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The Mexican
(2001)
Album Cover Art
Composed, Conducted, and Co-Produced by:

Co-Produced by:
David Bifano

Trumpet Solos by:
Gary Grant

Additional Music by:
Abraham Laboriel
Labels Icon
LABEL & RELEASE DATE
Decca Records
(February 27th, 2001)
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ALBUM AVAILABILITY
Regular U.S. release.
Awards
AWARDS
None.
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   Availability | Viewer Ratings | Comments | Audio & Track Listings | Notes
Buy it... if you like your parody scores to pull out all the stops and make you laugh with their insanely silly, large-scale mocking of classic cliches.

Avoid it... if you have a hard time tolerating the usual tones of the Western film music genre without a composer intentionally bloating each element of the recording out of proportion for purposes of comedy.
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EDITORIAL REVIEW
FILMTRACKS TRAFFIC RANK: #437
WRITTEN 2/20/01, REVISED 1/31/09
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Silvestri
Silvestri
The Mexican: (Alan Silvestri) A release date in early March 2001 betrayed any claims by Dreamworks that Gore Verbinski's romantic crime comedy The Mexican was considered a serious contender at the box office. Despite the production's star power, its remarkably dumb script is matched only by the boredom that the actors convey in their performances. A goofy and inept American criminal played by Brad Pitt is left by his girlfriend, Julia Roberts, while he bungles an assignment from his crime boss to retrieve a famous pistol in Mexico. Small bits of psychology and physical comedy along the way are meant to carry audience interest, but it didn't help that those two leads have absolutely no chemistry together. The film was appropriately treated with a score of parody intent from Alan Silvestri, who must have spent a few sunny afternoons conjuring the comedy tones of The Mexican instead of writing 70+ minutes of music for Cast Away. The film is a quirky romantic comedy that is inescapably attached to its setting, and because it wraps the funny characters, locale, and mythic Western elements into one package, Silvestri provided one of most unique scores in recent memory. For some of the more authentic stabs at original Latin material, Silvestri collaborated with Mexican bassist Abraham Laboriel (resulting in three of the cues in the film). It's not often that a score can completely fool an avid film music collector, but The Mexican is just that kind of score that plays so predictably to cliches in culture and a movie genre that it indeed becomes a surprise. The score is a charming, if not borderline silly piece of music, and it's hard to believe that Silvestri intended for anyone to take it seriously. Perhaps the tone is acknowledgement by the composer that he must have known this film was destined for failure. Still, there can't be much greater difference between the somber and restrained style for Cast Away, the full-fledged Western parody material with orchestra, chorus, and notable solos in The Mexican, and the adventurous symphonic romp for The Mummy Returns next. If anything, these three effective scores at the very least speak to the composer's immense talent.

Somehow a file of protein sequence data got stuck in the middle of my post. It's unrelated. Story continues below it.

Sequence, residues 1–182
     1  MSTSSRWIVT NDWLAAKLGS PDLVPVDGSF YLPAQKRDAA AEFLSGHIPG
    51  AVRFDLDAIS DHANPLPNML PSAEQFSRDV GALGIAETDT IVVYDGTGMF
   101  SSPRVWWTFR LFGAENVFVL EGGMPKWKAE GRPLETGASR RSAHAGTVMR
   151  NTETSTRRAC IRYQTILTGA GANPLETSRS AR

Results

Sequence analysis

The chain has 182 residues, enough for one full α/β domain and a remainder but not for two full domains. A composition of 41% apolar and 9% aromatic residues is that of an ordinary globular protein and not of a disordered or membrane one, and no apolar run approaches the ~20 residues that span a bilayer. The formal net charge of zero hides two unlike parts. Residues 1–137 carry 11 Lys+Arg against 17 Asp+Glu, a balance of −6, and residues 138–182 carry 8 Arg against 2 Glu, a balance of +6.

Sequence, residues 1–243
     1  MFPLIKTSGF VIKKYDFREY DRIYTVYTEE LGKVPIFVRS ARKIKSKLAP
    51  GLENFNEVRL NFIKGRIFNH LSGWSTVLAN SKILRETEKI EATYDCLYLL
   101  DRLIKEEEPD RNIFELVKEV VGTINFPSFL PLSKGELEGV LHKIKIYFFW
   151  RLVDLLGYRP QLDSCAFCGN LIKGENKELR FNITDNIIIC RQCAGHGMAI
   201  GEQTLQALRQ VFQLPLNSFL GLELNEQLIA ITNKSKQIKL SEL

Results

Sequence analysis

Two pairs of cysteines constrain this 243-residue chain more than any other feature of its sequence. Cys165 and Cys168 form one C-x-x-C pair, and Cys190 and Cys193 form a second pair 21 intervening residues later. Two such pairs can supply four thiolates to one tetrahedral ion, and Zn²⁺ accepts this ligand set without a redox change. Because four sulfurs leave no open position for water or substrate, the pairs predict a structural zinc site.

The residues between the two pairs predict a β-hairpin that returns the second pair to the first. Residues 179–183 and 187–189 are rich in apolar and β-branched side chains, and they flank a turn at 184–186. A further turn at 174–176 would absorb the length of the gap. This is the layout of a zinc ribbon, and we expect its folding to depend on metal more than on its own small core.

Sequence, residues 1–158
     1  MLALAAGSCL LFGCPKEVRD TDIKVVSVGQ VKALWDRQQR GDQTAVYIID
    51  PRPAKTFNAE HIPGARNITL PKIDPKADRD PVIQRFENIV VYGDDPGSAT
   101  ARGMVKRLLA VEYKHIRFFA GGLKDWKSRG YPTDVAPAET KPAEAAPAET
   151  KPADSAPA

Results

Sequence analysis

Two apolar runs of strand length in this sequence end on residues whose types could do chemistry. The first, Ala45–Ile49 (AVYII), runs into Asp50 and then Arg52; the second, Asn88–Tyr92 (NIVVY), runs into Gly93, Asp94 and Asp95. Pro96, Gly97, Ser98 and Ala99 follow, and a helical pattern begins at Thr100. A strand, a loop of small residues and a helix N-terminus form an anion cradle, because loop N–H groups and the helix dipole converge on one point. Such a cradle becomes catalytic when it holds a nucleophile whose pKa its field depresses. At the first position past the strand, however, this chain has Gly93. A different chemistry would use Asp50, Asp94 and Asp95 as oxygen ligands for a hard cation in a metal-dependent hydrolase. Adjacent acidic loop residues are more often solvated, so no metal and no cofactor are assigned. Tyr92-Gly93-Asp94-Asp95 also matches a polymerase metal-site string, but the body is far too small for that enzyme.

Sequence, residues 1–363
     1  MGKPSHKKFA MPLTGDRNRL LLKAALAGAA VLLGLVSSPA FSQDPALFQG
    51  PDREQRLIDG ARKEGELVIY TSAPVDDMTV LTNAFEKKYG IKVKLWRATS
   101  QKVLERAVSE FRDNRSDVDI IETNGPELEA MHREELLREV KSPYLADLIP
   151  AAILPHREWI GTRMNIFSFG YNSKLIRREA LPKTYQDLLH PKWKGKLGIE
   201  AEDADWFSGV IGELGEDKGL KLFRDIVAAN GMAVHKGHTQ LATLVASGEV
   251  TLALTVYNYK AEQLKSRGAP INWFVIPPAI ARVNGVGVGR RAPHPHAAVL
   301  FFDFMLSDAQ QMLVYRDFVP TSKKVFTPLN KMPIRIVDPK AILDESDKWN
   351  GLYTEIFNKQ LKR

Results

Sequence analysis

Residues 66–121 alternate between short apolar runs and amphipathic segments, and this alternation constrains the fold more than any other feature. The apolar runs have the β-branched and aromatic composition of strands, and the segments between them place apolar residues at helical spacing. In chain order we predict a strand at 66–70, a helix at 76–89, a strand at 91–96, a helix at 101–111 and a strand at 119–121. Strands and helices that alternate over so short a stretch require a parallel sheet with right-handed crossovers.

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VIEWER RATINGS
1,204 TOTAL VOTES
Average: 3.41 Stars
***** 295 5 Stars
**** 329 4 Stars
*** 297 3 Stars
** 147 2 Stars
* 136 1 Stars
  (View results for all titles)

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COMMENTS
5 TOTAL COMMENTS
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Orchestrations
N.R.Q. - March 28, 2007, at 11:12 a.m.
1 comment  (1797 views)
Silvestri's The Mexican
JMG - April 5, 2006, at 11:48 a.m.
1 comment  (2170 views)
The Mexican, a great score.
Don Smith - October 18, 2001, at 8:06 a.m.
1 comment  (2937 views)
ScoreCentral.net reviews "The Mexican"
Racerprose - April 19, 2001, at 9:09 p.m.
1 comment  (2598 views)
The Mexican - Additional info about score
Jeff Wopperer - March 5, 2001, at 9:41 a.m.
1 comment  (3006 views)
More...


Track Listings Icon
TRACK LISTINGS AND AUDIO
Audio Samples   ▼
Total Time: 49:14
• 1. Main Title (0:52)
• 2. Blame Shifting (0:58)
• 3. Oye - co-written by Abraham Laboriel (1:34)
• 4. These Boots are Made for Walkin' - performed by Nancy Sinatra (2:43)
• 5. 10% Clint (1:10)
• 6. Leroy's Morning (1:40)
• 7. Why Can't We Be Friends - performed by War (3:52)
• 8. Want Our Life Back (1:31)
• 9. Frank's Dead - co-written by Abraham Laboriel (2:51)
• 10. You're Nobody 'Til Somebody Loves You - performed by Dean Martin (1:59)
• 11. Jerry & Ted to Pawn - co-written by Abraham Laboriel (1:27)
• 12. The Mexican (2:14)
• 13. Airport (2:21)
• 14. The Safety Dance - performed by Men Without Hats (4:34)
• 15. El Cable - performed by Esquivel (2:19)
• 16. Margolese Compound (1:03)
• 17. Where's my Stuff (1:01)
• 18. Thieves (1:11)
• 19. A Good F'ing Reason (1:16)
• 20. It's Cursed, that Gun (3:24)
• 21. Oye, Oye (1:33)
• 22. A Miracle (2:28)
• 23. The Mexican - End Credits Medley (5:02)

Notes Icon
NOTES AND QUOTES
The insert includes extensive credits and artwork, but no extra information about the score or film.
Copyright © 2001-2017, Filmtracks Publications. All rights reserved.
The reviews and other textual content contained on the filmtracks.com site may not be published, broadcast, rewritten
or redistributed without the prior written authority of Christian Clemmensen at Filmtracks Publications. All artwork and sound clips from The Mexican are Copyright © 2001, Decca Records and cannot be redistributed without the label's expressed written consent. Page created 2/20/01 and last updated 1/31/09.
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